Years ago I was listening to Keto for Women podcast and the host mentioned something about keto limbo: too few carbs to be a sugar burner and too many carbs to be a fat burner. This can cause a total lack of energy because you’re not getting enough carbs to use for energy, but you can’t access your fat stores to utilize the fat for energy. I would imagine everyone’s threshold for limbo would be different depending upon metabolic health, activity level, etc.


@amwassil Ok, I just reviewed the biochemistry on this topic and see I am also probably wrong and that ketosis is more like an on or off state in fatty acid oxidation. Fatty acids that you eat are of course an energy source but the oxidation cycle doesn’t always produce ketones.

I’m intrigued by what @VirginiaEdie mentioned about keto limbo. It sure felt like that was what I was in for a couple months when my carbs were vacillating between 20 and 60, day to day. Maybe my body was not able to turn ketosis on and off quickly enough.

@Corals I am on day 5 of mostly carnivore and can’t say I love it but am trying to learn to live with it for 30 days. The reason is that I have not felt this good in ages. My pain level (a very motivating factor) is way down. After 30 days of this, I’m hoping to add certain veggies I really miss back slowly to see their effect.

(Ian) #52

Awesome approach, and I’m glad to hear that it is having a positive impact on your pain. It will be interesting to see what food you introduce back into your diet will trigger the inflammation. The tricky bit will be figuring out how long it takes for a certain food to re-ignite the inflammation.

What veggies do you really miss and can you limit the initial re-introduction to the low oxalate and low PUFA foods?


@Knnn Yes, it will be tricky identifying offending substances. This might be a long and slow process. Right now, I’m also planning to limit high FODMAP foods (garlic and onions, for example – two of my favorites…and apparently avocados in excess are high in FODMAPs). I will also limit oxalates. I’m hoping eventually that most whole fruits and vegetables can be eaten in small amounts, because there are not many fruits or vegetables I don’t like! I’m not as wedded to nuts so I can more easily imagine going off those for the long haul.

Also happy to report that the scale seems to be resuming a downward direction.

(Michael - When reality fails to meet expectations, the problem is not reality.) #54

The simple, easy and quick solution: forget about them. You don’t need them - any of them - and you’ll be better off without them. Even if you think you can’t live without them, once they’re gone you’ll live and be glad you bade farewell.

PS: Although it may sound like it, I’m not carnivore. But that works, too.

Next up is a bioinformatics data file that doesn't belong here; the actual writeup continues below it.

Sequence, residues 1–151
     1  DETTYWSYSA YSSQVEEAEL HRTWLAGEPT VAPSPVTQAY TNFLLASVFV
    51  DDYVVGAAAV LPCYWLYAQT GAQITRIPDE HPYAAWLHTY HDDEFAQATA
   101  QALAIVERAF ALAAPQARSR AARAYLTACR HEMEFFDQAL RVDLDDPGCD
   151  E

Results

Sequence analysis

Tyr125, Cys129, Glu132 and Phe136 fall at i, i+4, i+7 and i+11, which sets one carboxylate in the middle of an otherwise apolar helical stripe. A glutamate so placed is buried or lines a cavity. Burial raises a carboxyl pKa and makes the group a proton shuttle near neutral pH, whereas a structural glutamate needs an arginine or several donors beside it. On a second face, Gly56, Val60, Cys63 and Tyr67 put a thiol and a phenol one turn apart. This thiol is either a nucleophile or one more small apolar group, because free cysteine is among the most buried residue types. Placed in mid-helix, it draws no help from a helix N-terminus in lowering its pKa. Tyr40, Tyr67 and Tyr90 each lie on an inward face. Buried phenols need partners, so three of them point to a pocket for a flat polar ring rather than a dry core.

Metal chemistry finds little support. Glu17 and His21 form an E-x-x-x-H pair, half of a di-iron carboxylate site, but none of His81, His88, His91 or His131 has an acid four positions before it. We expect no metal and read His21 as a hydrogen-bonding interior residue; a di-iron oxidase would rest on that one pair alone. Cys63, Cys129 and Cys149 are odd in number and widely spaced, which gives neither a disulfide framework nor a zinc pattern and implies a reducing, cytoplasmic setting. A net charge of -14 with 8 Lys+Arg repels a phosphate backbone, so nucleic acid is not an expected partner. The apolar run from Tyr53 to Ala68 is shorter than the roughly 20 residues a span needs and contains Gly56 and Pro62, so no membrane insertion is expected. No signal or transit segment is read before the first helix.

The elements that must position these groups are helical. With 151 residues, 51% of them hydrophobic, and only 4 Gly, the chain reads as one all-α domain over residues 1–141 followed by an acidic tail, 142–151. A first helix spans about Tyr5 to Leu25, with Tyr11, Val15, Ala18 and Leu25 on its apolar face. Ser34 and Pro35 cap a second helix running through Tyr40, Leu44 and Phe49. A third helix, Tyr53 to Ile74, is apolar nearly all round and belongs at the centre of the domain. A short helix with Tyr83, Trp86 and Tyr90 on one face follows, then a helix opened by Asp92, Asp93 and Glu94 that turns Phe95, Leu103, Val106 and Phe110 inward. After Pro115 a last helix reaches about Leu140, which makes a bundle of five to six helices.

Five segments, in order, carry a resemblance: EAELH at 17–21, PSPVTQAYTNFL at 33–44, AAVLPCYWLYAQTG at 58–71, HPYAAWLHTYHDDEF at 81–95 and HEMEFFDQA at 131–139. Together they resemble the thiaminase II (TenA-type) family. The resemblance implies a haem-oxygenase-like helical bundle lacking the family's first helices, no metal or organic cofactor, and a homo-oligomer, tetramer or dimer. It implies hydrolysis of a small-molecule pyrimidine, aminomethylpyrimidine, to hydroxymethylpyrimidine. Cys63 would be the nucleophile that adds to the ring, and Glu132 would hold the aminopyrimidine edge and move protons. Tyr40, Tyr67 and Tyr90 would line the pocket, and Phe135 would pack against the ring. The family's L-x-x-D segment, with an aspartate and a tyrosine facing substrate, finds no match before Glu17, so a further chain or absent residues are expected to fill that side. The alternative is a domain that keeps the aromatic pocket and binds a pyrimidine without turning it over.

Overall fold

That’s fantastic, the thing about your pain levels being better now! I hope it only continues to improve and that you eventually can keep these improvements even adding at least some of the things you miss, hopefully all of them!


I wonder if there’s science to back what the person was saying, about the limbo.

On the one hand, we are told eating no carbs is the way we evolved. On the other, we are told our bodies don’t know how to use fat for fuel. One gram of carb to the left, or to the right and hundreds of thousands of years of evolution are forgotten.

I think there’s a little bit of science done and a huuuuuge amount of things people say, guess, etc that seem perfectly reasonable, but that could also be just wrong.

I’d be more ready to “believe” I’m just getting very old, very fast.

(Take time to smell the bacon) #57

We are born in ketosis, so our bodies know how to use fat for fuel. It’s just that eating too much carbohydrate for too many years damages part of the fat-metabolising mechanism, and the rest shuts down, so to speak, from lack of use.

So when we switch from a high-carb, low-fat diet to a low-carb, high-fat diet, the body needs to repair and wake up the fat-burning machinery. People who eat LCHF all their lives never lose the ability to use fat for fuel.

(Edith) #58

I have to admit, I do not know. If I do a search on Keto Limbo, there does appear to be several sites that discuss it. How legit? :woman_shrugging:

(Edith) #59

I thought I would, too, but the longer I’ve been keto, the less interest I have in eating them. You may find your preferences change over time. I’ve been on a carnivore trial for six months. I get hungry, but I no longer get an over whelming “taste” for something. I do believe my body is so well nourished that it really doesn’t care any more. It’s kind of freeing. And, it has sure cut down on time spent grocery shopping and cooking.

(Vic) #60

Exactly. :sunglasses: